Dutch Disease: An Empirical Analysis of Norway’s Success and Venezuela’s Stagnation

Itziar Uribarri Rodriguez & Trude Marlen Bakken

Student thesis: Master thesis

Abstract

The purpose of this paper is to provide insight into the Norwegian and Venezuelan oil sector and investigate the effects that natural resource can have regarding Dutch Disease. The current situation in Venezuela is grim, and one can’t help but contemplate about where it all went wrong. Both Venezuela and Norway have some of the world’s largest oil reserves, however Norway has managed to utilize the oil reserves much better than Venezuela. Ever since the 1960s Norway has experienced a steady increase in their GDP whereas Venezuela’s development has been highly volatile and has not increased sufficiently despite their access to oil. The reasoning for this can be traced and related to the effects of Dutch Disease. Initially, when starting the research behind this thesis, we were expecting to find that Venezuela would be highly affected by Dutch Disease, whereas Norway has managed to avoid it. By looking at the problem and comparing the two situations through a theoretical point of view, as well as an empirical point of view by conducting OLS regression and using the Durbin-Watson model, we found just that, that Norway had avoided the Dutch Disease and Venezuela was heavily affected by it. The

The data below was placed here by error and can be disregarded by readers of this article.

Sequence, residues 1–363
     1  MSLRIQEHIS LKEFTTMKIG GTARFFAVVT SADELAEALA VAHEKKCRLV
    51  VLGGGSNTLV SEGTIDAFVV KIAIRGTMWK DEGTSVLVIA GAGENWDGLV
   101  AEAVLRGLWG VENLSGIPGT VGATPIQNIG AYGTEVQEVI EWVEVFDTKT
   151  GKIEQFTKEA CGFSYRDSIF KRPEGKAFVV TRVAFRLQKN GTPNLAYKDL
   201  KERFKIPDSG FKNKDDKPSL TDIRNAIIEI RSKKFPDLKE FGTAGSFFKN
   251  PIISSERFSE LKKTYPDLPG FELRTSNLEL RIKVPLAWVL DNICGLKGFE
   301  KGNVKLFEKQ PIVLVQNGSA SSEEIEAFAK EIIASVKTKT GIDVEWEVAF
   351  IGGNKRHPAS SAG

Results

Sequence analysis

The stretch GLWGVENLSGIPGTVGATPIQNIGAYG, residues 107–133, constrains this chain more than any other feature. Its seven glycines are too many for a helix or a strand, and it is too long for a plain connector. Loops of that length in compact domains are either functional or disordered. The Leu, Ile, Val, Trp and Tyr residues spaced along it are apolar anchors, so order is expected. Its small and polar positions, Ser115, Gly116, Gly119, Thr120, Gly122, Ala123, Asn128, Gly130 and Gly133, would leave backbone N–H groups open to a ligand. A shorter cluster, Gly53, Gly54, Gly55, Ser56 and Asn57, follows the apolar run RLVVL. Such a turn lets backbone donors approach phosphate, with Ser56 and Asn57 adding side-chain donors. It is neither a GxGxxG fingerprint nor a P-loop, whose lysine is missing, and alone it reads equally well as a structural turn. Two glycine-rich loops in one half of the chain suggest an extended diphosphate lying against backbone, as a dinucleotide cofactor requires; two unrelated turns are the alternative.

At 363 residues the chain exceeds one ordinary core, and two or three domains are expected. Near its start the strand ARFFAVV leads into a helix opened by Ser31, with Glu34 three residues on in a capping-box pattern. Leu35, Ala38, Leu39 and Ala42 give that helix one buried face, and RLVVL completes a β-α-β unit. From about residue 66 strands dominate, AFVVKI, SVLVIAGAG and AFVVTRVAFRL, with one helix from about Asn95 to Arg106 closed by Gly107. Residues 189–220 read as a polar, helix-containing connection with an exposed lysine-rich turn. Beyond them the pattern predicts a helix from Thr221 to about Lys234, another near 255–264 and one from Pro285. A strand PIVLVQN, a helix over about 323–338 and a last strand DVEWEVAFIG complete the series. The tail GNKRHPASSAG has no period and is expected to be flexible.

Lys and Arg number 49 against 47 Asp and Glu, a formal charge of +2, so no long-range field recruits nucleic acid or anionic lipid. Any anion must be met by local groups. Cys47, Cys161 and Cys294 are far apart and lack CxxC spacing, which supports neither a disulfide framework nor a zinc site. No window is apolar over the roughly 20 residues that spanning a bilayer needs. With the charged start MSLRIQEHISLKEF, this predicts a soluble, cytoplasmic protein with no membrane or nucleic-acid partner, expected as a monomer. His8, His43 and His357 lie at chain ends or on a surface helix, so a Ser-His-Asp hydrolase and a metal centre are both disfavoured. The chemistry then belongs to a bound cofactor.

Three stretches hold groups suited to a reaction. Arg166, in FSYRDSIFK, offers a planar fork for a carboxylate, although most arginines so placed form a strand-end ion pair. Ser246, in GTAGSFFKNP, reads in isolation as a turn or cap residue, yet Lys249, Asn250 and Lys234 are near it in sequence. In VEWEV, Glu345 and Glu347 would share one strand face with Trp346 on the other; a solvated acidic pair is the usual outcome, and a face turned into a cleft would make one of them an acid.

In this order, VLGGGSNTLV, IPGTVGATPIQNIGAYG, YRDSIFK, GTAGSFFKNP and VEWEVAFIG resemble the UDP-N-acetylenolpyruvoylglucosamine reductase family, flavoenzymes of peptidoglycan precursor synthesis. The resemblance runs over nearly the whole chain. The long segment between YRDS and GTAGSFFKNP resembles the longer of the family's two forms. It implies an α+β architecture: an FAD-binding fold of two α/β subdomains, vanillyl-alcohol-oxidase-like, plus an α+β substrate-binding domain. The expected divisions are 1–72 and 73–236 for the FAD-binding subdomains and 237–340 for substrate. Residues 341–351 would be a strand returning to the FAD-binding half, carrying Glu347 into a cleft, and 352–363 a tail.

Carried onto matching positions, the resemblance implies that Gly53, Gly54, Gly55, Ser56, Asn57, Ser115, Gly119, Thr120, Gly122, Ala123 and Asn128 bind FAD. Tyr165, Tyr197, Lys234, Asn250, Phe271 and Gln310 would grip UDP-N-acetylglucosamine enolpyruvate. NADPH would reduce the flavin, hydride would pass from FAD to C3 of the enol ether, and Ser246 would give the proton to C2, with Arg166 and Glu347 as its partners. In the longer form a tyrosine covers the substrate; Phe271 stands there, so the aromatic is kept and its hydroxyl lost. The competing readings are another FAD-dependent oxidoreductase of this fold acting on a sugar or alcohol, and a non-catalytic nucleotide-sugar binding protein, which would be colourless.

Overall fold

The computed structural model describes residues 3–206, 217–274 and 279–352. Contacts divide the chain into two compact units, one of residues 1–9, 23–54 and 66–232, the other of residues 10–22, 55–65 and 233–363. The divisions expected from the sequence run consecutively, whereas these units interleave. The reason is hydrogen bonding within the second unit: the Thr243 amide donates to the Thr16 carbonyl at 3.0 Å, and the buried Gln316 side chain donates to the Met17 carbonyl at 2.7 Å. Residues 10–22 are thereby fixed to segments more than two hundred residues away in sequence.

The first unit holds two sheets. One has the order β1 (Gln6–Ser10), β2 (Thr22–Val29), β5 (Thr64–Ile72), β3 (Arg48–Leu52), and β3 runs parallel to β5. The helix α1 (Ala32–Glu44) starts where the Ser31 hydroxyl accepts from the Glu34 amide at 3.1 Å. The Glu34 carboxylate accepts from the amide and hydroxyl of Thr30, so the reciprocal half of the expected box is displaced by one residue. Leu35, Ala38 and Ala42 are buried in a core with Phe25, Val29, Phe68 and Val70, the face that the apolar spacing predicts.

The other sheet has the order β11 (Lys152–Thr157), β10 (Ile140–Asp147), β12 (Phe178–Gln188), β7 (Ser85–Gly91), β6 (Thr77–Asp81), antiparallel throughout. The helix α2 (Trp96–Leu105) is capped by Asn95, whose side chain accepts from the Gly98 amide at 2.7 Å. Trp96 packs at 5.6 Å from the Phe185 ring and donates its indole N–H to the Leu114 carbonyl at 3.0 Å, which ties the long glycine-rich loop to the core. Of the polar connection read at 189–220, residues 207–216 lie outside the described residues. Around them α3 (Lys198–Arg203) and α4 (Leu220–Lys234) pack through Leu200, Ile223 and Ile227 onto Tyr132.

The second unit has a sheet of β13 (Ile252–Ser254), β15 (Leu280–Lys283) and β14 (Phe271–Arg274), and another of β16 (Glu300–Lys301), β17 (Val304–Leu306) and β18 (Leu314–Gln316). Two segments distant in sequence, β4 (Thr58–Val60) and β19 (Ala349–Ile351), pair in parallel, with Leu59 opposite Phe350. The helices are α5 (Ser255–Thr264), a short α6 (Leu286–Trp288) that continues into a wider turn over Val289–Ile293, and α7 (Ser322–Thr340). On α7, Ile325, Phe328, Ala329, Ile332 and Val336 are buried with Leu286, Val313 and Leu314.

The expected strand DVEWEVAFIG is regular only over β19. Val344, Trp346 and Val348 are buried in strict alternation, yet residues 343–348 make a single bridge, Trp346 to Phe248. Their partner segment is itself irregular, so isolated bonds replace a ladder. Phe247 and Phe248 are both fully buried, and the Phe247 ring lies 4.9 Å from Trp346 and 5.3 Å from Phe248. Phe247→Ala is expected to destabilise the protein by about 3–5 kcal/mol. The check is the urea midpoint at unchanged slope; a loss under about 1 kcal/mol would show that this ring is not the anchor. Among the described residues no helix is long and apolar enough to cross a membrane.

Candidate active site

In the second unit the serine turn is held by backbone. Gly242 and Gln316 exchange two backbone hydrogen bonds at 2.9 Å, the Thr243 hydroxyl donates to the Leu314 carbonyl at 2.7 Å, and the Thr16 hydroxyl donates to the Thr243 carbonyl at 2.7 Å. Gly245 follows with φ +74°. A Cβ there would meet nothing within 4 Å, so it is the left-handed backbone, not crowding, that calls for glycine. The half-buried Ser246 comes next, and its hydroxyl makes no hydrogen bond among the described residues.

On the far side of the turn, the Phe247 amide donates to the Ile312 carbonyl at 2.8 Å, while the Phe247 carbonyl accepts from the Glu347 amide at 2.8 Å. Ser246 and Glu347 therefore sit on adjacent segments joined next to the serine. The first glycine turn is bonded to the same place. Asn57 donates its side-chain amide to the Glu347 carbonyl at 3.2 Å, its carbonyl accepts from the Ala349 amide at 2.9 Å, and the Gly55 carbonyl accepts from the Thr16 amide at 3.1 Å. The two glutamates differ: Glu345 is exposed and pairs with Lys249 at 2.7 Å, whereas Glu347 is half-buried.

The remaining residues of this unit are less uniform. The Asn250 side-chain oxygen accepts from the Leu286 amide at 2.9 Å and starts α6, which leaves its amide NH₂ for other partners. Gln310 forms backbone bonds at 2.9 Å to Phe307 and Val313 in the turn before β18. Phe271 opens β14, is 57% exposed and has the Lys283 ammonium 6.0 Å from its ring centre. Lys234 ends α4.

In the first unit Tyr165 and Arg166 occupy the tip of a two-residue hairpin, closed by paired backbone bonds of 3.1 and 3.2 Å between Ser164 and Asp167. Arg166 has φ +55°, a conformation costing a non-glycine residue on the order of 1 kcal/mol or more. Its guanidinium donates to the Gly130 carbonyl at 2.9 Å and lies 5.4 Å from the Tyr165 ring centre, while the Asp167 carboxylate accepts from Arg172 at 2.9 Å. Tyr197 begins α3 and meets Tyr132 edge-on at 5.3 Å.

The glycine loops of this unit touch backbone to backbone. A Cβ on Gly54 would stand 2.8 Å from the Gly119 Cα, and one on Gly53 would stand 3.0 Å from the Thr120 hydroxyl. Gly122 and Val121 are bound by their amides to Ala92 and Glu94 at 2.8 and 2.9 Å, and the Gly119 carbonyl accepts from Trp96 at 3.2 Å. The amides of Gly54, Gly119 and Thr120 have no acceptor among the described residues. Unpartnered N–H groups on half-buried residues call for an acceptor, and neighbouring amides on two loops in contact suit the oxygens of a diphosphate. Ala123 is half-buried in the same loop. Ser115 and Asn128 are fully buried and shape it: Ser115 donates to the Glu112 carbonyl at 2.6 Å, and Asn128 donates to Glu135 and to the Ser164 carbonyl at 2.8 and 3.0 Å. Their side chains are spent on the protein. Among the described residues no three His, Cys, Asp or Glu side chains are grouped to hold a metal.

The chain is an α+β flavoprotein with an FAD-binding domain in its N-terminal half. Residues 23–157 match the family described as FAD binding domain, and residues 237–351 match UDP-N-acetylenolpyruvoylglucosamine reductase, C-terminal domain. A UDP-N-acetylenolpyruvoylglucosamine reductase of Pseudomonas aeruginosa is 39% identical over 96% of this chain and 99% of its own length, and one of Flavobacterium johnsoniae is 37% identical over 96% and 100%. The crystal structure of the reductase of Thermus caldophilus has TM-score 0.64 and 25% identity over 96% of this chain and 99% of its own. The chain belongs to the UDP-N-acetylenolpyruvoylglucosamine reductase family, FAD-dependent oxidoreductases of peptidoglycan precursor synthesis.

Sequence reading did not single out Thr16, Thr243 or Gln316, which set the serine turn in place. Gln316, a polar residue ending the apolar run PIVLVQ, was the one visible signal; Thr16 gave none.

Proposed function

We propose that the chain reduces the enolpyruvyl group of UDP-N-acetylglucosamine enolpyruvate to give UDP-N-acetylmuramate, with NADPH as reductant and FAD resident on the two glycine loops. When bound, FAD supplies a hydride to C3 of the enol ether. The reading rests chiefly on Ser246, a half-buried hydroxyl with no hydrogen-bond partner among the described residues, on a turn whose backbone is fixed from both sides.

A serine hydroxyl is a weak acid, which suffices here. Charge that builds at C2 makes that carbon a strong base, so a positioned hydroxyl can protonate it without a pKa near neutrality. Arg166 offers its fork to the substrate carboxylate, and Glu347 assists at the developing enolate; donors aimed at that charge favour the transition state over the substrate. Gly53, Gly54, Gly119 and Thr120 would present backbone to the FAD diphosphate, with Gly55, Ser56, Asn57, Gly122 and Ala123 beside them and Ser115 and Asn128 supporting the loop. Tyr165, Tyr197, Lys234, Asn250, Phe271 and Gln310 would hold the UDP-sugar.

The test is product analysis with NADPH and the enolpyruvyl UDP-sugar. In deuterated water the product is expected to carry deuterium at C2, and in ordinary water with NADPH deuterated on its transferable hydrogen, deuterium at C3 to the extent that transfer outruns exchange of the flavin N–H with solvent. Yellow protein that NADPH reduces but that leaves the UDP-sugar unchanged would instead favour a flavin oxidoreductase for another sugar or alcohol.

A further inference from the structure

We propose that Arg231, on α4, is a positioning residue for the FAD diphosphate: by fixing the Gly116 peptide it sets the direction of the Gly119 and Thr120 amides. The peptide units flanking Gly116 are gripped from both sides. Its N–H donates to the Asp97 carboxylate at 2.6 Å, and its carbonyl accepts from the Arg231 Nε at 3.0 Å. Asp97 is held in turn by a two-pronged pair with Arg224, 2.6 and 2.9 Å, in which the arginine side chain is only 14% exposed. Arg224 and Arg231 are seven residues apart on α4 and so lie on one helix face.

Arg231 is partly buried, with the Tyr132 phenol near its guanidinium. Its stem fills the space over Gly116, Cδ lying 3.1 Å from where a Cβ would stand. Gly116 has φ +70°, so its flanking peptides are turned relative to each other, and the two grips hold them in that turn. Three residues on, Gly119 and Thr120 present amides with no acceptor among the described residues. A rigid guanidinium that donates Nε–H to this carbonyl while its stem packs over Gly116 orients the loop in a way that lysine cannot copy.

reasons for the results can be difficult to compare, as the two countries are so different in their development and the management of the resources available to them. However, due to their similar situation with natural resource supplies, it was interesting to dig deeper and explore if there were any other similarities regarding the “resource curse”, which in this case was the Dutch Disease

EducationsMSc in Finance and Investments, (Graduate Programme) Final Thesis
LanguageEnglish
Publication date2017
Number of pages89
SupervisorsJimmy Martínez-Correa